CAMDEN, N.J. — Anthony P. DiSilvestro, who played a key role in restoring the Campbell Soup Co.’s North American soup and simple meals business to profitable growth, has been named senior vice-president and chief financial officer of the company, effective May 1. He will succeed B. Craig Owens, who will retire as c.f.o. and chief administrative officer on that date. Mr. DiSilvestro currently is senior vice-president of finance.

Since joining Campbell in 1996, Mr. DiSilvestro has held a range of senior roles in the finance organization and in the company’s principal business divisions, including treasurer; controller; vice-president of finance for Campbell North America; vice-president of corporate development and strategic planning; and vice-president and managing director of Campbell International. In his current position as senior vice-president of finance, he oversees the controller’s function and financial planning and analysis, and also is the senior financial officer for Campbell North America, the company’s largest division.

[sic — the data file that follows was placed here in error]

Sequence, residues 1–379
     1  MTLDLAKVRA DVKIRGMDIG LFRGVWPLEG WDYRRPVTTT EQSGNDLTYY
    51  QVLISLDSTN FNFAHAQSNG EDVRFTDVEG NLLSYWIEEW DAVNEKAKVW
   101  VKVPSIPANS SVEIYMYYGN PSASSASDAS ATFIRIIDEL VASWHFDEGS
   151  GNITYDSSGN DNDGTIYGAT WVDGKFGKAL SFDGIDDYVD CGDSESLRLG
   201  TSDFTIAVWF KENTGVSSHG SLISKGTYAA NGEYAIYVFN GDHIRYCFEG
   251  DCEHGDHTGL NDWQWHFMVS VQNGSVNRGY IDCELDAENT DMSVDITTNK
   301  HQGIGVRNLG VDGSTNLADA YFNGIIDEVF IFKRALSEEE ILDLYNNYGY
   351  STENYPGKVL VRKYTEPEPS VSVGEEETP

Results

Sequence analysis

Before joining Campbell, Mr. DiSilvestro held various senior financial roles at Scott Paper Co. and as c.f.o. of Mölnlycke A.B. Health Care.

“The board of directors and I are delighted that Anthony will be the company’s next chief financial officer,” said Denise Morrison, president and chief executive officer. “In the course of his long and distinguished career at Campbell, he has acquired a matchless command of our business and the dynamics of our industry. Anthony will bring to his new role all of the benefits of his broad experience, exceptional financial acumen, strategic judgment, impeccable integrity and an unwavering commitment to the company’s success. I look forward to working closely with him to continue to drive Campbell’s growth and build an exciting future for our company and its shareholders.”

Mr. DiSilvestro received a bachelor’s degree in economics from Dartmouth College and a master’s degree in business administration from the Wharton School of Business at the University of Pennsylvania.